We know now that strong information literacy skills are very important in both the academic and work environments. In a new study published in College & Research Libraries, Victoria Raish and Emily Rimlaud seek, through a nation-wide survey of employers, to find out employers’ perceptions of critical information skills and their potential acceptance of a new technological measure of student skills, called digital badges.

Digital badges, as described by the authors, are a digital representation of an ability gained that “certifies skills at a more granular level.” The authors argue that this method of representing accumulated knowledge of various literacy skills could prevent the uneven nature of “one-shot” instruction provided by professors or librarians by establishing core competencies and identifying gaps.

The survey asked participants to rate a variety of critical information literacy skills from the employer perspective. It was found that three sets of skills had a statistically significant difference from the others, and were thus deemed the most important to employers. These were innovation, critical thinking and using quality information, and collaboration. In addition to this, nearly a quarter (24%) of employers indicated that grades and GPA do not correlate with preparedness for the workplace.

Universities and academic libraries in particular need to ensure that their information literacy curriculum at least closely matches the most common expectations students will meet when entering the workforce. This survey indicates some important areas of emphasis, as well as the potential that digital badges might offer for student success. Over one-third (33%) of participants said that digital badges would definitely be useful when evaluating applicants, and nearly the whole remainder (62%) said they might be useful, but needed to learn more. However these skills are represented, every indicator suggests that information literacy instruction needs to become a core function of higher education, not peripheral training.

To learn more about the survey, current findings about information literacy instruction in higher education, and how digital badges can serve as a new measure for student skill, interest, and ability, read the study in full here.

Note: This post is part of our series, “The Weekly Number.” In this series, we highlight statistics that help tell the story of the 21st-century library.


American Libraries covers LRS session at ALA Midwinter


LRS staff enjoyed presenting “Data Visualization for the Rest of Us: A Beginner’s Guide” at ALA Midwinter. This was an encore presentation from the 2015 Research Institute for Public Libraries. Check out American Libraries’ coverage of the presentation to learn how we got started with data visualization as well as our tips for making numbers and charts more accessible.

And, don’t forget – registration for the 2016 Research Institute for Public Libraries opens January 26, 2016!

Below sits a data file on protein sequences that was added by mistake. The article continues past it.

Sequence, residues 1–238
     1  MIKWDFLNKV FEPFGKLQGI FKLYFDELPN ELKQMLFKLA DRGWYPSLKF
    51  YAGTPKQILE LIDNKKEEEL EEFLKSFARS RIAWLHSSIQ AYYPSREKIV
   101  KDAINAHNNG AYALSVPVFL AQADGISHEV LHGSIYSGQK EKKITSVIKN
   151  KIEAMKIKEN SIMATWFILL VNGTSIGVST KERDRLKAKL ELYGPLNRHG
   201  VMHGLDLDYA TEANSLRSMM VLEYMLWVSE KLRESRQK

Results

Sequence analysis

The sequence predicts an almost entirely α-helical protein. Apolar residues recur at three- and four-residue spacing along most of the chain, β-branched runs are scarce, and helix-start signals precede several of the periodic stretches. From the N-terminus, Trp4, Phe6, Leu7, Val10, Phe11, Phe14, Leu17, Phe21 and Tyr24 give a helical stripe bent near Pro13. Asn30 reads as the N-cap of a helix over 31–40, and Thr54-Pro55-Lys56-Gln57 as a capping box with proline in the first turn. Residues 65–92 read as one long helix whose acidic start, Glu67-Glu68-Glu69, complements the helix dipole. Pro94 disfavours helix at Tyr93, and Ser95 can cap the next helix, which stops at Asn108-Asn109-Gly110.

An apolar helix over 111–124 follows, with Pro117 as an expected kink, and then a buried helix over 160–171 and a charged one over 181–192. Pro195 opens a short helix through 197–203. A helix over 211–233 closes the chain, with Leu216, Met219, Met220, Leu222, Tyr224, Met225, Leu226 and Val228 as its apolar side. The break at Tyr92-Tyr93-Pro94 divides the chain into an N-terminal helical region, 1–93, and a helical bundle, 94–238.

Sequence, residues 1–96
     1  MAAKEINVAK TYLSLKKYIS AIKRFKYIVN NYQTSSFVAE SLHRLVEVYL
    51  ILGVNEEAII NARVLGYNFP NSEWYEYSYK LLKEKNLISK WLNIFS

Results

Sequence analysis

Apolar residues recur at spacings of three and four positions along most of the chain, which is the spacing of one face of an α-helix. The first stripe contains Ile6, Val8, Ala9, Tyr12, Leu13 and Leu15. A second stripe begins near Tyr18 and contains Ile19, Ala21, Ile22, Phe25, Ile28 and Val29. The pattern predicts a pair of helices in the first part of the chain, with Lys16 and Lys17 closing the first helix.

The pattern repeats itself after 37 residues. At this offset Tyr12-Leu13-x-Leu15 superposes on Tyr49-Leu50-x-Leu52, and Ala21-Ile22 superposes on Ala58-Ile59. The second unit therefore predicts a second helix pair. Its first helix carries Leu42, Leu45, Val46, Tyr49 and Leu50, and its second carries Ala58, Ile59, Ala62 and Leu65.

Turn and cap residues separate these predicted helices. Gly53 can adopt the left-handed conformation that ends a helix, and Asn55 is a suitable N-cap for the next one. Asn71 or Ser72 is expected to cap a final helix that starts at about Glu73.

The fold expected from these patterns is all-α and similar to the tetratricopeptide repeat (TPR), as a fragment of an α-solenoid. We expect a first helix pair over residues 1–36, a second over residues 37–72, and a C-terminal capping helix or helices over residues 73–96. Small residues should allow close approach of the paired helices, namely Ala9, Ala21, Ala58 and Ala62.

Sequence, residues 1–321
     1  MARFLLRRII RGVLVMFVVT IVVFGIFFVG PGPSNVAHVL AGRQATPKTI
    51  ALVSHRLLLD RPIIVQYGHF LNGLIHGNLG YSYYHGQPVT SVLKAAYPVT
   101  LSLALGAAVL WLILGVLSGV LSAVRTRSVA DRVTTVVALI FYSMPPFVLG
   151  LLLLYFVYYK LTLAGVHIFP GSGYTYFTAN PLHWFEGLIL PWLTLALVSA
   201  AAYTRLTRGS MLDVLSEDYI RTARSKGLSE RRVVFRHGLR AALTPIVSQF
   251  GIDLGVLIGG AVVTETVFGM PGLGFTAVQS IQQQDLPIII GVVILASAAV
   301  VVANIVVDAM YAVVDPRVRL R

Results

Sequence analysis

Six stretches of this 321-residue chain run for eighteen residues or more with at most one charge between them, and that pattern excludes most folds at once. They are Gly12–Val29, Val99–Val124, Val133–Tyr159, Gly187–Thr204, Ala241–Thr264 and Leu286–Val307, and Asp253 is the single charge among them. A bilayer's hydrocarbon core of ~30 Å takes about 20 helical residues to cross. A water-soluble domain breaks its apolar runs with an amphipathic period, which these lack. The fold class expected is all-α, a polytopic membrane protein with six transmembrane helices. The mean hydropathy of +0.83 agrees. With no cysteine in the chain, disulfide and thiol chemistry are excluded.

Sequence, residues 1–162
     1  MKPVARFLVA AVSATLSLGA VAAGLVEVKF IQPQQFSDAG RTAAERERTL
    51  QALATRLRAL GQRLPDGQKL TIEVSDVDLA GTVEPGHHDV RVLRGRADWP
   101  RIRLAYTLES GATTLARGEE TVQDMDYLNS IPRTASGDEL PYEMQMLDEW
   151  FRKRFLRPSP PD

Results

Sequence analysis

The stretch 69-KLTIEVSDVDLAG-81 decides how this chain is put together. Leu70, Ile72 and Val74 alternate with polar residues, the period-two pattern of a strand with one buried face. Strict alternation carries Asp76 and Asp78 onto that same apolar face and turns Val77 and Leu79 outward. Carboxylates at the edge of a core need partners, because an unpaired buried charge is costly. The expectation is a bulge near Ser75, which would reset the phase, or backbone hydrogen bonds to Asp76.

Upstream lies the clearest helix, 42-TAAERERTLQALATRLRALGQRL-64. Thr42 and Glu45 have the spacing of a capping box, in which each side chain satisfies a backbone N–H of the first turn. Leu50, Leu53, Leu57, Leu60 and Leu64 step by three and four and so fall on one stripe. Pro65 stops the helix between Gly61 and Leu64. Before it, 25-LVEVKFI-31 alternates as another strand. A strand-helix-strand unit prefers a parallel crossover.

65% of Overdrive survey respondents say they visit a library in person or online at least once per week


Image credit: Overdrive

The ebook and audiobook platform Overdrive recently released results from a survey of public library website users that investigated their preferences and use of library resources, in particular print and digital books. More than 16,000 respondents shared their opinions and behaviors to shed light on how public libraries are meeting these users’ needs.

More than 2 in 5 (43%) of respondents reported visiting the library—either in person or online—more than once per week, with a total of 65% saying they visit at least once per week. Of course this survey polled those who were already at a library’s website, so this skews higher compared to broader surveys we’ve shared before (such as those from Pew Research).

Interestingly, respondents split 50-50 on whether they visit the library (again, in person or online) with a particular title in mind or without a title in mind. Split about a third each, respondents said they’d be willing to wait “as long as necessary” for a title (34%) or up to a month (32%). Perhaps most helpful to libraries is that if users are not willing to wait for a title, a majority (65%) said they wouldn’t buy the book instead. Users seem to understand the nature of library collections and that waiting is part of the process.

Respondents also shared their typical methods of discovering both physical and digital books. More than half (53%) said they only found books in a digital setting while 16% only found books in a library or bookstore (physical setting). About a third (31%) relied on both digital and in-person options to find books.

Learn more about how Overdrive’s survey respondents reading and library habits with the full report here.

Note: This post is part of our series, “The Weekly Number.” In this series, we highlight statistics that help tell the story of the 21st-century library.

98% of CTBL survey respondents rate their satisfaction with CTBL services as “excellent” or “good”